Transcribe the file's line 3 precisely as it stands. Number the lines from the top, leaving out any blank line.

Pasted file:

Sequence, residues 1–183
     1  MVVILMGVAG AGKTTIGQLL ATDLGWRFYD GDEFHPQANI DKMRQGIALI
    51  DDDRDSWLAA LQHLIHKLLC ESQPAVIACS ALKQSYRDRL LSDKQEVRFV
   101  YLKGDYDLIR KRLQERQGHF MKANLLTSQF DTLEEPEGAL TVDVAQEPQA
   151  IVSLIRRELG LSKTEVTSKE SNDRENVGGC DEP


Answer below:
    51  DDDRDSWLAA LQHLIHKLLC ESQPAVIACS ALKQSYRDRL LSDKQEVRFV